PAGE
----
Sports have long been recognised for the crucial part they play in a child's growth and development, in helping with mental health and the physical development of the body.
There are ongoing concerns when it comes to junior sports in Lithgow, in particular the old school winter sports, such as netball, hockey and soccer, which have all seen a decrease in junior numbers this season.
Lithgow Netball Association secretary Zoe Barnes said it was concerning that sport numbers had decreased because team sports in particular taught children a lot about partnerships, working together and commitment.
"They help teach children [how to] make friendships and relationships outside of the school environment and in a small town this is invaluable when juniors get to working age as they have others they can seek advice and assistance from when looking for work," she said.
Ms Barnes said, although Lithgow's junior netball numbers had been fairly consistent in the last couple of years, it had taken a lot of work to keep them that way.
"We've been fairly consistent to 2018, however there are a lot of new players, most players from last year did not return. If you look back 10-15 years ago we have certainly had a large downturn in numbers over that time," she said.
She said she thought this was because of the location of the stadium, outside Lithgow.
"We feel this doesn't help our numbers as the travel out of Lithgow can be hard for some, and our local stadium is actually quite cold.
"While it can be good for when it comes to escaping the rain, it doesn't really help with players and spectators being cold," she said.
Ms Barnes said she believed that being in a regional area affected competition numbers compared to metropolitan centres.
"I have family who live in Western Sydney and they have huge numbers in their netball club, I believe the popularity of netball as a whole is growing but we are not seeing that increase in our association or other regional associations," she said.
Lithgow Hockey Association vice president and junior chair person Paul Thurtell said he believed being located in a regional area was a positive when it came to hockey in Lithgow.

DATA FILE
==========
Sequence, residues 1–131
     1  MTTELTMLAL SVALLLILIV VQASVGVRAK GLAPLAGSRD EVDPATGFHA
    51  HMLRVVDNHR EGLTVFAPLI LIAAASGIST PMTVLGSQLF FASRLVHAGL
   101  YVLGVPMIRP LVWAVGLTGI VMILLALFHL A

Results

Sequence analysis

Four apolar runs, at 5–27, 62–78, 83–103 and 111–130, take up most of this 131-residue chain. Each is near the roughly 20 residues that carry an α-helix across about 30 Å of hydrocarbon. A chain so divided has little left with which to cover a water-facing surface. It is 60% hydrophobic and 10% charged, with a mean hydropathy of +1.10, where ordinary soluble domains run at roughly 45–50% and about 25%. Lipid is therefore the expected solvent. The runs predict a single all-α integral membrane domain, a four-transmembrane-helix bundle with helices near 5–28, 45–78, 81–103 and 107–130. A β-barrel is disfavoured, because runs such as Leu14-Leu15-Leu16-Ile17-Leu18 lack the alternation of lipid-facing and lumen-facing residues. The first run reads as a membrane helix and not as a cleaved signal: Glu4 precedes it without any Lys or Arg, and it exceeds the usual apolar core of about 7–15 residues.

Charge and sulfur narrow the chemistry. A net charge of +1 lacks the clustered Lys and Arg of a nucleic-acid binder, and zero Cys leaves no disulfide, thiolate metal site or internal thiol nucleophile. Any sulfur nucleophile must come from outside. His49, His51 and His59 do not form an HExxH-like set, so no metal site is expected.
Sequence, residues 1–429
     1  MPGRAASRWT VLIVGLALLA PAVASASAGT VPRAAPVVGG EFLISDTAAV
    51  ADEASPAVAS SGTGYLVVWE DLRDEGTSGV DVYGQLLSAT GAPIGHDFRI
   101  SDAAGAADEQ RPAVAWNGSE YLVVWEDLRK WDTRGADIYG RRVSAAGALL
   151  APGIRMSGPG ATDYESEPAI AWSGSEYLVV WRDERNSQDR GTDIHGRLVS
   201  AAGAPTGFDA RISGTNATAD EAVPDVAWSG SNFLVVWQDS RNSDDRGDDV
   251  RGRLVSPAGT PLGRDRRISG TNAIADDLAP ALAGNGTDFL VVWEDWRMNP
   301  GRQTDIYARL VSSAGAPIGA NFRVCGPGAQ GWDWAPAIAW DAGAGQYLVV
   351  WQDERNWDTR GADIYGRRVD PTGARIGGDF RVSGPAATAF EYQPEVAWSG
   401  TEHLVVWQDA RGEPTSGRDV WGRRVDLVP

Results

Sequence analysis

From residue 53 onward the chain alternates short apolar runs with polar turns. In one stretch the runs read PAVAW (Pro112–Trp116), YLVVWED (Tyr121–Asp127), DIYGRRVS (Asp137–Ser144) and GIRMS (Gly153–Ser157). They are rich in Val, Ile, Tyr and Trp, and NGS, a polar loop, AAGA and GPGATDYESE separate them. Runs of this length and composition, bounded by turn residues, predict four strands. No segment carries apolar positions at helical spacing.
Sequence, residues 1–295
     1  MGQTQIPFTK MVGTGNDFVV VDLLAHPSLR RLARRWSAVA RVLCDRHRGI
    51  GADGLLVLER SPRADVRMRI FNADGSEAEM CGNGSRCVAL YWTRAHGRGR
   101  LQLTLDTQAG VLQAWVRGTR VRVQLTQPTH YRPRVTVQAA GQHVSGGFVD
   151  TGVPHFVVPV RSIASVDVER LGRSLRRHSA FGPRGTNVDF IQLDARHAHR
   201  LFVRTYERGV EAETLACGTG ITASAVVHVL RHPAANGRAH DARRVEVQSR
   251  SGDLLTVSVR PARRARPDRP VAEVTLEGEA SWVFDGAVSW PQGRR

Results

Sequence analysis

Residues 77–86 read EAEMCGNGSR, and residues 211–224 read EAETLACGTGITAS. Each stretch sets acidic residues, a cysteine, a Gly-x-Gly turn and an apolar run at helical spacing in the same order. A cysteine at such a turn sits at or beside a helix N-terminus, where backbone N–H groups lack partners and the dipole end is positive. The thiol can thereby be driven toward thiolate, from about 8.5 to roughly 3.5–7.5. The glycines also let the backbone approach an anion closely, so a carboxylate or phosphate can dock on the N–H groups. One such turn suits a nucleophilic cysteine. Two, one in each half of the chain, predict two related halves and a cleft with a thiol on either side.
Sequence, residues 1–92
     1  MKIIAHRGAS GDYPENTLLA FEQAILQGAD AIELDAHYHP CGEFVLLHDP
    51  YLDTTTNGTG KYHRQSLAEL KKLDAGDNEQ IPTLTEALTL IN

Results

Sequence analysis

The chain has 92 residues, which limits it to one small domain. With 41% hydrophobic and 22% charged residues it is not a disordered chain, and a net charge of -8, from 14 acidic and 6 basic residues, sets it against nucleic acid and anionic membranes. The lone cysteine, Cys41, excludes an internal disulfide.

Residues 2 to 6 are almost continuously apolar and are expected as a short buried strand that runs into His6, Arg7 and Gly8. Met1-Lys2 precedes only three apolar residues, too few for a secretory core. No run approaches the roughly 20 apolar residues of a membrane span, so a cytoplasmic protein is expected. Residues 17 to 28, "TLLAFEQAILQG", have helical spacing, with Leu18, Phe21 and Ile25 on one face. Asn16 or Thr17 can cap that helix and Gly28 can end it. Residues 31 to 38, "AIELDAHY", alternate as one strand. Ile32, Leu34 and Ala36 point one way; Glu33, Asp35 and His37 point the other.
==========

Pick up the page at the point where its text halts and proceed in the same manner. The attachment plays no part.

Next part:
"I don't think it affects it that much as it is cheaper and easier to get around," he said.
However, he said numbers in junior hockey had unfortunately dropped since last year.
"Numbers are a little down on last year, we're not sure why whether it's all screen based stuff or parents just don't have as much time as they used to," he said.
Mr Thurtell said historically sport was played on Saturdays but today children were faced with many sport choices and it could be difficult to pick only one.
"I understand sports being played on days other than Saturday have allowed for greater flexibility for families, numbers will change each season in any sport, I guess the most important thing is getting kids active and enjoying their sport indoor or outdoor," he said.
He also said the Active and Creative kids rebate had helped players and their parents when it came to purchasing sport related items.
Lithgow District Football Association president Jeff Kemp said the cost of sport could also have an impact on numbers.
"Fees should be less so people can afford them although at the moment the Active Kids Voucher has helped our numbers increase slightly.
"But the cost of equipment for sports can be expensive," he said.
He said electronic devices could also play a part in kids not joining sports.
"Kids would rather play video games and they become quite obsessed and addicted to them.
"We are losing the tradition of getting outside to meet new people, make new friends and just basically having fun," he said.
Mr Kemp said he would like to see kids become more involved in soccer to keep them active and learn team spirit by working together.
Lithgow Storm Rugby League Club was also contacted for comment but did not reply.